Taking a whiff of the opening, it seems to me Tom Ford has taken a (violet) leaf right out of Fahrenheit's playbook with this recent interpretation of floral leather. Unfortunately this attractively bold combination fails to hold its structure beyond the first hour, leaving behind what smells like a stripped down fascimile of Tuscan Leather sans the fruity 'bells and whistles' that made it such a polarizing 'cult-of-personality' fragrance.
Ombré Leather 16 is the proverbial nice guy who explodes out of the blocks to lead the pack but quickly runs out of steam and finishes last. Perhaps we should wait for version 17...
A sweet touch of spiced rose and raspberry jam at the top takes the opening ever so slightly into gourmandish territory but on skin Rouge Avignon settles quickly into a cozy fuzzy-musky fragrance built around a tenacious base of warm amber and creamy sandalwood.
Nothing groundbreaking by all accounts. But when a fragrance hugs you like a soft cashmere sweater in the autumn chill you know you have a winner on your hands.
A cold if somewhat harsh bitter-green birch leather barely held in check by a dollop of buttery iris and ambery tonka.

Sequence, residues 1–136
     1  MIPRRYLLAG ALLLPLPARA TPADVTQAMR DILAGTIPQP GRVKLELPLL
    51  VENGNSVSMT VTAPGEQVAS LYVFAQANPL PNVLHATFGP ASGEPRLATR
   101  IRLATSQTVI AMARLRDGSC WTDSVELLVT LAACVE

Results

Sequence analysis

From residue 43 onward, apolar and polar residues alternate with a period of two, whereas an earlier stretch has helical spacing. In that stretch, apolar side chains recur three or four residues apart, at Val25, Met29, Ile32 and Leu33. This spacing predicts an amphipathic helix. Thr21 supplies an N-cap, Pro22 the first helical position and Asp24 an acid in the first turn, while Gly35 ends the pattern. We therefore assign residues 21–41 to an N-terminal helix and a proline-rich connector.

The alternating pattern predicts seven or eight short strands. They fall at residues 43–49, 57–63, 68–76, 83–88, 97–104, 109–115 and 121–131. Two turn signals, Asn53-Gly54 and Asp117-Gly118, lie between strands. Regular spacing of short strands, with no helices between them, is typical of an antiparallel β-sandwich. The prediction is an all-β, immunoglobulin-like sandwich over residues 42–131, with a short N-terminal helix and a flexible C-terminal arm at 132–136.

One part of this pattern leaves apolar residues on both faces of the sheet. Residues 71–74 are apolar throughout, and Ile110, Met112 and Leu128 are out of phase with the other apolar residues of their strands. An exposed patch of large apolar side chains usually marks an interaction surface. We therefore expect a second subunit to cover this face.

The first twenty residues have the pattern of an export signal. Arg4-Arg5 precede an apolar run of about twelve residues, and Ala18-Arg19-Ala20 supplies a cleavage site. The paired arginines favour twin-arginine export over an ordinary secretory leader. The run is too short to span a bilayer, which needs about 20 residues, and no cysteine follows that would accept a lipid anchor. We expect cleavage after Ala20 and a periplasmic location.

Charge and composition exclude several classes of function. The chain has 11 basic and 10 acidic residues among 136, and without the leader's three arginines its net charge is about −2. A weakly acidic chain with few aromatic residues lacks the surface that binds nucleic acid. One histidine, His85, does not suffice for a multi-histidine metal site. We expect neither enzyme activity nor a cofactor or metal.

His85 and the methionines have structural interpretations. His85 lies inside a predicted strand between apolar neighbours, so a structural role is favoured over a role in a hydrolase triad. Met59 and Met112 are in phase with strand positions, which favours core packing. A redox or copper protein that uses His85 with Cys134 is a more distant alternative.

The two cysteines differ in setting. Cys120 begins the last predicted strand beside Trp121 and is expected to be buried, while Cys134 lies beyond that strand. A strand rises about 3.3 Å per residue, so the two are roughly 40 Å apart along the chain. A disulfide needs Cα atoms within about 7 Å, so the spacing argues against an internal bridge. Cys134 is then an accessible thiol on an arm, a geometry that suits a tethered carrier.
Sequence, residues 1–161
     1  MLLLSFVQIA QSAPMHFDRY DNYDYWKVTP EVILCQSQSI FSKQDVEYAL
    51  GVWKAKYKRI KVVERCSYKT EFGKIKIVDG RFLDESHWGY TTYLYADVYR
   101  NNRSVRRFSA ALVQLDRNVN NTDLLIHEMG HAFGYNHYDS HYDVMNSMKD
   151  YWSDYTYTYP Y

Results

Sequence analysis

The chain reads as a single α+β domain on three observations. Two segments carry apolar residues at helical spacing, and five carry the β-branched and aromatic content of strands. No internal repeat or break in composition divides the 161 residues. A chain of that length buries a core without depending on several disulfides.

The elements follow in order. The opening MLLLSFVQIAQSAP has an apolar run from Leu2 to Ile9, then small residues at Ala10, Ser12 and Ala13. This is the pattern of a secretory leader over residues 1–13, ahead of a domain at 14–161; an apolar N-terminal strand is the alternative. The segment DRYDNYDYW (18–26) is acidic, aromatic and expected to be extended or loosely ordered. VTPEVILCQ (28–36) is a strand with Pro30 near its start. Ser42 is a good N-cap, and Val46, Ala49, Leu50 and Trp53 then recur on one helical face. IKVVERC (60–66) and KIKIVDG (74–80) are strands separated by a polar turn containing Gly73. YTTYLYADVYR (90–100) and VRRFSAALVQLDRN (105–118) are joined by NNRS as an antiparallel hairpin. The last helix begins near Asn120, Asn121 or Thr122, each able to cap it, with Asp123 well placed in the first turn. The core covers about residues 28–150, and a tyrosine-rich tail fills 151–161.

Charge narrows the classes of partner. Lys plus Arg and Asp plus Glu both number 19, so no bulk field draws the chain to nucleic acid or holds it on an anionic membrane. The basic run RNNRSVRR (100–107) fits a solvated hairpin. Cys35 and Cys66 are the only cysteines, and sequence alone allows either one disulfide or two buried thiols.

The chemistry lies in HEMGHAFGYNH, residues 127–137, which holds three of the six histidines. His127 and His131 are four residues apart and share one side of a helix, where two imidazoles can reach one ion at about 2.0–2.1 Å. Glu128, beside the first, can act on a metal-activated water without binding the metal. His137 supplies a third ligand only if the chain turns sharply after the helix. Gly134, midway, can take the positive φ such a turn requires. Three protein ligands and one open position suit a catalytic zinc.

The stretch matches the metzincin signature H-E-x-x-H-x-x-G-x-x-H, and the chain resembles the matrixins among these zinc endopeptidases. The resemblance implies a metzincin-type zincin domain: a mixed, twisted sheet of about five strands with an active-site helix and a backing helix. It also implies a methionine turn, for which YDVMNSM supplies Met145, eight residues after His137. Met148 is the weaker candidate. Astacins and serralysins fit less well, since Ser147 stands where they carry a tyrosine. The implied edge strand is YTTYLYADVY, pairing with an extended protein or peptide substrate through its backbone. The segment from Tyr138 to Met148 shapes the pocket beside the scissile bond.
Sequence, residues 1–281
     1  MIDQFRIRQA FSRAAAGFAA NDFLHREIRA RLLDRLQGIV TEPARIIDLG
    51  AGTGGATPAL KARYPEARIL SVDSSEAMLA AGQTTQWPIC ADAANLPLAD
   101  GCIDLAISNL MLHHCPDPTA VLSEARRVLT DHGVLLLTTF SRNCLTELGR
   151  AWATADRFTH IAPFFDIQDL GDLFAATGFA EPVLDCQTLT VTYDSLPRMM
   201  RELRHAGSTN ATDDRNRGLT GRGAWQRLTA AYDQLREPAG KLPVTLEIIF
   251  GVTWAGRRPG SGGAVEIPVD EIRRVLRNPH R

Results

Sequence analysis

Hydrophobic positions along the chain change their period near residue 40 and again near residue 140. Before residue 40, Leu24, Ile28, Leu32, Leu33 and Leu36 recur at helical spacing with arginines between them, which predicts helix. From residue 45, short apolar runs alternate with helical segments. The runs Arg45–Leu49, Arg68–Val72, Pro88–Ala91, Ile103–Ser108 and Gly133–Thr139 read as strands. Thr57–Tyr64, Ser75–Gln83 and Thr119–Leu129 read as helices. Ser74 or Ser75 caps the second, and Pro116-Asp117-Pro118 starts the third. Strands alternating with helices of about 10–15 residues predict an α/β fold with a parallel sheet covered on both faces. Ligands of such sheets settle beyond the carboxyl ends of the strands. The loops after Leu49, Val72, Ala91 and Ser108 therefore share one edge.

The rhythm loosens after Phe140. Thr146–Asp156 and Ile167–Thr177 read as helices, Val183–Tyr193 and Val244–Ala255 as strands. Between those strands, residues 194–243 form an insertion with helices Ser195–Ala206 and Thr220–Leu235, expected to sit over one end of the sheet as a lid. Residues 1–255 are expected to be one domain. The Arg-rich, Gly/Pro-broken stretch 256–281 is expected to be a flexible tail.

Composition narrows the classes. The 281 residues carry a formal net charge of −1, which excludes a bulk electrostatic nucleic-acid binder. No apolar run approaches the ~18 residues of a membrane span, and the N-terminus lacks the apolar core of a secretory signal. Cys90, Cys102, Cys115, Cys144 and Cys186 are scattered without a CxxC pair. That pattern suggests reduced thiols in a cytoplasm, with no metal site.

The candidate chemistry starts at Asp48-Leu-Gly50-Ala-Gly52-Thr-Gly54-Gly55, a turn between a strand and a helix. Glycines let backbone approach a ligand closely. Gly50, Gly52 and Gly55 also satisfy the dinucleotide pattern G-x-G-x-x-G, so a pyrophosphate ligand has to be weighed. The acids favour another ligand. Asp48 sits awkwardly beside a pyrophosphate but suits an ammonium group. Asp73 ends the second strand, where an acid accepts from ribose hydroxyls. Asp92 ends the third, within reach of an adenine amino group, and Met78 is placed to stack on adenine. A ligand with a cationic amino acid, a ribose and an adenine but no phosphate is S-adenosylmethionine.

I too took a sniff of the hefty price tag but it revealed nothing. They say - fear has a smell? Well, so does bullshit.
Anyway, I can see how Irish Leather's modern construction might come across as 'industrial' or 'synthetic' to certain noses particularly up close but if you're after a green leather, this could well be your leprechaun. And if you're as lucky as I was, it wears amazingly well like a sharply masculine Chanel No.19.
A fearless thumbs up from this reviewer.
Warm. Aromatic. Bittersweet. Narcotic. Hypnotic. Dusty. Woodsy. Musky. Masculine. Sweaty. Leathery. Raunchy. Dangerous...
I wore Coze for the first time the other day and it wasn't long before I had to stifle a chuckle. It was giving me a high.
"Gosh! This smells like...uhh...like you've been up to no good!"
Girls, remember those guys your mama warned you about? They smell like this.
A watery yet sweetish rose scent over a scrubbed-clean lightly floral-minty patchouli. Airy and transparent, kinda like Ulrich Lang's Nightscape with a dash of rose syrup.
Pleasantly wearable for either gender with adequate but modest performance metrics. In the final analysis, its reticent personality just does not make quite as romantic a statement as MFK's Lumiere Noire pour Homme or Serge Lutens' La Fille de Berlin.
Smelling Mon Numéro 8 reminds me of a lovely girl I used to know whose cheeks I kissed as we said our goodbyes so many years ago. They were soft yet cool to the touch, with light barely-there makeup, framed by freshly shampoo-ed hair, tinged with her own unique musk I had somehow grown accustomed to.
I must say Mon Numéro 8 is one elegant, rather sophisticated acquaintance I had the pleasure of making. It felt like Bertrand Duchafour pulled a L'Artisan out of a Chanel Exclusif. It is shaping up to be one of those goodbyes I don't wish to make again.